He had a final point to make. It was that teachers ultimately had to transfer the cost of this new and expensive technology on to their students in a time when the game was getting more and more expensive to play. This was of concern to him as well.                                                                        

***

That evening in 2016, Chamblee addressed some of the problems that in his opinion were associated with how TrackMan was being used. In this debate, there are two central issues:

  1. How TrackMan is being utilized by teachers.
  2. How Trackman is being utilized by players.

I listened closely to what he had to say, and on some of the issues we agreed. That said, I have my own concerns with regards to this debate. What I see happening is what I saw occur with the use of video many years ago, but on a smaller scale because of Trackman’s $20,000 price tag.

In the past, as the cost of cameras with slow-motion capability continued to drop from thousands of dollars to hundreds, they became more affordable. This made it possible for anyone to potentially become an expert. What evolved was that many run-of-the-mill teachers, using a video camera, would simply compare a student’s swing to a model and then point out the differences. This was without concern for the player’s individual biomechanics or if they were even physically capable of swinging in the prescribed manner.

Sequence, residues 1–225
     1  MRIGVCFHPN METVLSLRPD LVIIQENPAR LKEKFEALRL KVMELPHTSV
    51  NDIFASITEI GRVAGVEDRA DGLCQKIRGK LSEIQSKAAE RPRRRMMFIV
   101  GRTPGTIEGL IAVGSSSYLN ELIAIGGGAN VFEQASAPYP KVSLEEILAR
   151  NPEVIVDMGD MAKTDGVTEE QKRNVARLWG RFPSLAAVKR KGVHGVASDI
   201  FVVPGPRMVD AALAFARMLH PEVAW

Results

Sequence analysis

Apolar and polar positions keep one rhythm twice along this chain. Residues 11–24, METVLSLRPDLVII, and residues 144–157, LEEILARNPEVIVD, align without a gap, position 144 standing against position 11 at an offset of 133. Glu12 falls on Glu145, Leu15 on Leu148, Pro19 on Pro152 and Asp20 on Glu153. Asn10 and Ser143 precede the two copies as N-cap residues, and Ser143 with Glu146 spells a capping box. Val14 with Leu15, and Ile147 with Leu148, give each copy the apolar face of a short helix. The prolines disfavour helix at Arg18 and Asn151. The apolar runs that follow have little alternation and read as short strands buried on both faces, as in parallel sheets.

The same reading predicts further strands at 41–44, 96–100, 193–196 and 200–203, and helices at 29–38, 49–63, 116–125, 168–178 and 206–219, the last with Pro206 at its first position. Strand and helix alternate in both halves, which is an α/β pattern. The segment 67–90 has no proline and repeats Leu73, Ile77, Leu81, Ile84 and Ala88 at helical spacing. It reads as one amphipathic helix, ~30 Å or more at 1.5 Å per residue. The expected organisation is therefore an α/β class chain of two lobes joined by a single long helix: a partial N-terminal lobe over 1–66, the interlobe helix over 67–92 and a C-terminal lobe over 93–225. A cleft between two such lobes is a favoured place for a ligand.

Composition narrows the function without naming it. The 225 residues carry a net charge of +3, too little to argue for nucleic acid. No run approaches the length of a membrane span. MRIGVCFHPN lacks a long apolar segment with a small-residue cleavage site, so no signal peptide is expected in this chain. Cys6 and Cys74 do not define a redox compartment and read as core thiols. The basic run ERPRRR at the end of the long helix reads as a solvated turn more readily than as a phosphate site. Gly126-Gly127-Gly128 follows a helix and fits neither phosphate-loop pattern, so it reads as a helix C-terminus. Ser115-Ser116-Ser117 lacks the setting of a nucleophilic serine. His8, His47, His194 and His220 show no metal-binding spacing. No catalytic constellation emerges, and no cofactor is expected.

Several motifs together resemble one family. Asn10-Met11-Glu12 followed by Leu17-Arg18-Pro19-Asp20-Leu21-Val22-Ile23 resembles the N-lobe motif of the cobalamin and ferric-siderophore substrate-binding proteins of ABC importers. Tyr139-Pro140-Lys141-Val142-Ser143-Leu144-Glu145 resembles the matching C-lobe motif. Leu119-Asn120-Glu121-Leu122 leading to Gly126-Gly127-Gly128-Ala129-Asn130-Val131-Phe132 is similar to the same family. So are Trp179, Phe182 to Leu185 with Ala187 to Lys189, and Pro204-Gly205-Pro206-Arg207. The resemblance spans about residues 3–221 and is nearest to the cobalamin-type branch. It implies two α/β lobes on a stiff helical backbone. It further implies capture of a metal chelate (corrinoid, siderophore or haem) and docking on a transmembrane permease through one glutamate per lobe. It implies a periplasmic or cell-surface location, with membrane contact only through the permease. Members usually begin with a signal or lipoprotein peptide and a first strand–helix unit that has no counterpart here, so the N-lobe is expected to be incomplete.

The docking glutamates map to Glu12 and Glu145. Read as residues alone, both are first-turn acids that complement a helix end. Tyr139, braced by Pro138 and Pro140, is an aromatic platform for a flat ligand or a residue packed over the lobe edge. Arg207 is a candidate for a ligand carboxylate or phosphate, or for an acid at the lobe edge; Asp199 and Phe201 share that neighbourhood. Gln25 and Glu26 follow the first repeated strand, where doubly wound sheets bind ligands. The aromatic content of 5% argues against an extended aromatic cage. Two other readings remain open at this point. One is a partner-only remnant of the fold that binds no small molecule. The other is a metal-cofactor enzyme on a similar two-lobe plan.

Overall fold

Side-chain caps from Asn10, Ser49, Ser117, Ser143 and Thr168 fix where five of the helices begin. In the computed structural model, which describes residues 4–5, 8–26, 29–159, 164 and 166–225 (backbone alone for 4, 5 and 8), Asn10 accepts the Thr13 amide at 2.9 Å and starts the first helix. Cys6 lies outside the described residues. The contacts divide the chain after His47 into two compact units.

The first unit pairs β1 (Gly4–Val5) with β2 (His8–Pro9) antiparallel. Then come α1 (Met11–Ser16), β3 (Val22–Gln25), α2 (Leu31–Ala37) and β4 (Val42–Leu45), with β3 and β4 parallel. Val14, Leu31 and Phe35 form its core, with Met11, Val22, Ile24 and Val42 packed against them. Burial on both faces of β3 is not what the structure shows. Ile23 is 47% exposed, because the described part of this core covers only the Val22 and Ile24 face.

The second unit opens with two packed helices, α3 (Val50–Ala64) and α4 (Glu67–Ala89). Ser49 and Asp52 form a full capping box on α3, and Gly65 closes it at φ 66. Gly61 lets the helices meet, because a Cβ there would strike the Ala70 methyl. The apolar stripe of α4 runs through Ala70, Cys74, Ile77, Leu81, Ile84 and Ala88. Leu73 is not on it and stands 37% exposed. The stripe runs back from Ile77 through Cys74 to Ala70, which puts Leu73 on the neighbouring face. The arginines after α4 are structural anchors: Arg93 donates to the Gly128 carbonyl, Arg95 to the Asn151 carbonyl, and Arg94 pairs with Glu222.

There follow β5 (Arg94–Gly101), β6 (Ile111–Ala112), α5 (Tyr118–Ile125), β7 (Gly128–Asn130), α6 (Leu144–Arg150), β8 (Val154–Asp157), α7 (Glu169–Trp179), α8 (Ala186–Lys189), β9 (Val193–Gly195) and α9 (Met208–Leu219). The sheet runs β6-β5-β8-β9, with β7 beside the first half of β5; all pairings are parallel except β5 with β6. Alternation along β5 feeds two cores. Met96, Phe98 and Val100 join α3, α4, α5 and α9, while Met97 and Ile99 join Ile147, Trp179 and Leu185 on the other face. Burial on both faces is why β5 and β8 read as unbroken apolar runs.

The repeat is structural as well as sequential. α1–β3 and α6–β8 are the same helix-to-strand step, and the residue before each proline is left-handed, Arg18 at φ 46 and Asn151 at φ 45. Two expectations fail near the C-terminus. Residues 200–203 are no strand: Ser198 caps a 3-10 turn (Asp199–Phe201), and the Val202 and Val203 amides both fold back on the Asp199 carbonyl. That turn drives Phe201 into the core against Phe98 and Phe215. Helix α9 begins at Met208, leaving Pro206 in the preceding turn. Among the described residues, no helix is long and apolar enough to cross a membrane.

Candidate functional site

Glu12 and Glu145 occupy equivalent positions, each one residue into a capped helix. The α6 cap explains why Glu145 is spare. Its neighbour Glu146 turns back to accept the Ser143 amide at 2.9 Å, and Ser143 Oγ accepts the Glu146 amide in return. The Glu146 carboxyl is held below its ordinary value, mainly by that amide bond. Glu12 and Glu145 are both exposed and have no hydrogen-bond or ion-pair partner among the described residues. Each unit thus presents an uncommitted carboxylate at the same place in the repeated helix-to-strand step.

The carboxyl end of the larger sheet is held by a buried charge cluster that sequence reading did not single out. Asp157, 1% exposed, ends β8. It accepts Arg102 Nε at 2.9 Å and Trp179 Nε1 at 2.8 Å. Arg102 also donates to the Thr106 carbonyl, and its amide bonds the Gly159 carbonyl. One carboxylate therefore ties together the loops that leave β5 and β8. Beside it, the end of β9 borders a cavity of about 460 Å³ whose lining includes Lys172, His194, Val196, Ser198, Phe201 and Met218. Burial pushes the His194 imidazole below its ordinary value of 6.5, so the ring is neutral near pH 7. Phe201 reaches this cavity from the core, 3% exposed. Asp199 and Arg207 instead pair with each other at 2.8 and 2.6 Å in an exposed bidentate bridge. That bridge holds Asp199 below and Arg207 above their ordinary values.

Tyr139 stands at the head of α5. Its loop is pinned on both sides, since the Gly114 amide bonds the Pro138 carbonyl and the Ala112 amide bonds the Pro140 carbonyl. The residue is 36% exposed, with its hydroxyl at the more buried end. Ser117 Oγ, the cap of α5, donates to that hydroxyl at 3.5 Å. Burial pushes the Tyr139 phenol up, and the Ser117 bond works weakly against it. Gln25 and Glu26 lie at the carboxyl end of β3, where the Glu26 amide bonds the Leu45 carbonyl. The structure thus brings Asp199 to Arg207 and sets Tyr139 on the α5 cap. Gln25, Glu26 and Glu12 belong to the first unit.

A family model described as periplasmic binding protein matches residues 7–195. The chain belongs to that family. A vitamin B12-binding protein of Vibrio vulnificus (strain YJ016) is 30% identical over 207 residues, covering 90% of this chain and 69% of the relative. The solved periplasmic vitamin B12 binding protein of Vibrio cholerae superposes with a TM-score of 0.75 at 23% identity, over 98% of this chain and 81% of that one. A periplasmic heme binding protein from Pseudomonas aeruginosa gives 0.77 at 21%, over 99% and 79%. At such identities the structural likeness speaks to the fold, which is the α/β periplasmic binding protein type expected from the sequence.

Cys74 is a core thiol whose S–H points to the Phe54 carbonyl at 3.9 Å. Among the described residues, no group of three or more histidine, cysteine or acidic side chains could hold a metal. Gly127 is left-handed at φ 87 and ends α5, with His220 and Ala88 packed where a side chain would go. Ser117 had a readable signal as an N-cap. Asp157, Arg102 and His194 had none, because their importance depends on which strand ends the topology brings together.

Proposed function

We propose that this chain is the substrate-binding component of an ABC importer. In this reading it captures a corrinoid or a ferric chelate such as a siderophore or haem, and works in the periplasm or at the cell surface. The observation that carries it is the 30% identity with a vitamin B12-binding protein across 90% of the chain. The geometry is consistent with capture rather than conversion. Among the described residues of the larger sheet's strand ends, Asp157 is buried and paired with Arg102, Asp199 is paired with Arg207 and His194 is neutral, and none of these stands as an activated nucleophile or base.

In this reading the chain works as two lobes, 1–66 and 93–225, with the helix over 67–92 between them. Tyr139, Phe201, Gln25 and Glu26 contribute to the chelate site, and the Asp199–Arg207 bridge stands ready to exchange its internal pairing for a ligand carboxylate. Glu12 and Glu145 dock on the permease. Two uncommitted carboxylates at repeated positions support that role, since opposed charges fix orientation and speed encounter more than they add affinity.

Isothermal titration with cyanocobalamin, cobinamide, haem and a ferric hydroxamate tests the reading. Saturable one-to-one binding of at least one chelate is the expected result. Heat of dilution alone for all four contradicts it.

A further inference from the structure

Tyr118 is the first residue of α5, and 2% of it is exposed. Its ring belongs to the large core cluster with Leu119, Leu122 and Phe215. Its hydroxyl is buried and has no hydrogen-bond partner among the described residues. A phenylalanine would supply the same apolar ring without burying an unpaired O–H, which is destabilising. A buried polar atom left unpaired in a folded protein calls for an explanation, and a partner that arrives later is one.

For this reason, many top teachers have now either abandoned the use of video-analysis as part of their instruction or use it very little. They would prefer to spend their time connecting with their students on a more intimate one-on-one basis. This is the way that I now approach teaching after having worked with thousands of students over the past 45 years.

The nature of technology is that it will never take the place of human interaction between the teacher and his student. A central problem that is occurring in some quarters is that the machine is giving the lesson while the teacher simply reads off the numbers. This approach serves to undermine the establishment of a human connection between teacher and student.

In a Golf World article written by Matthew Rudy, dated April 19, 2017, he wrote that one of the common criticisms of modern instructors is that they’re helpless without information on a screen. I agree. I’m familiar with teachers who approach a lesson this way, caring only about the numbers without ever relating to the student.

Further, I have to agree with Hank Haney when he said in that same article “Information is great, and every teacher should be trying to get as much of it as possible. But that’s not the only piece.”

Randy Smith is of a similar opinion when talking about the use of TrackMan to coach a player: “Should a student want a sterile, perfect golf swing to work on in a room somewhere we can do that… but being efficient? Hitting different shots under different situations, different lies and pressure? That’s a different thing.”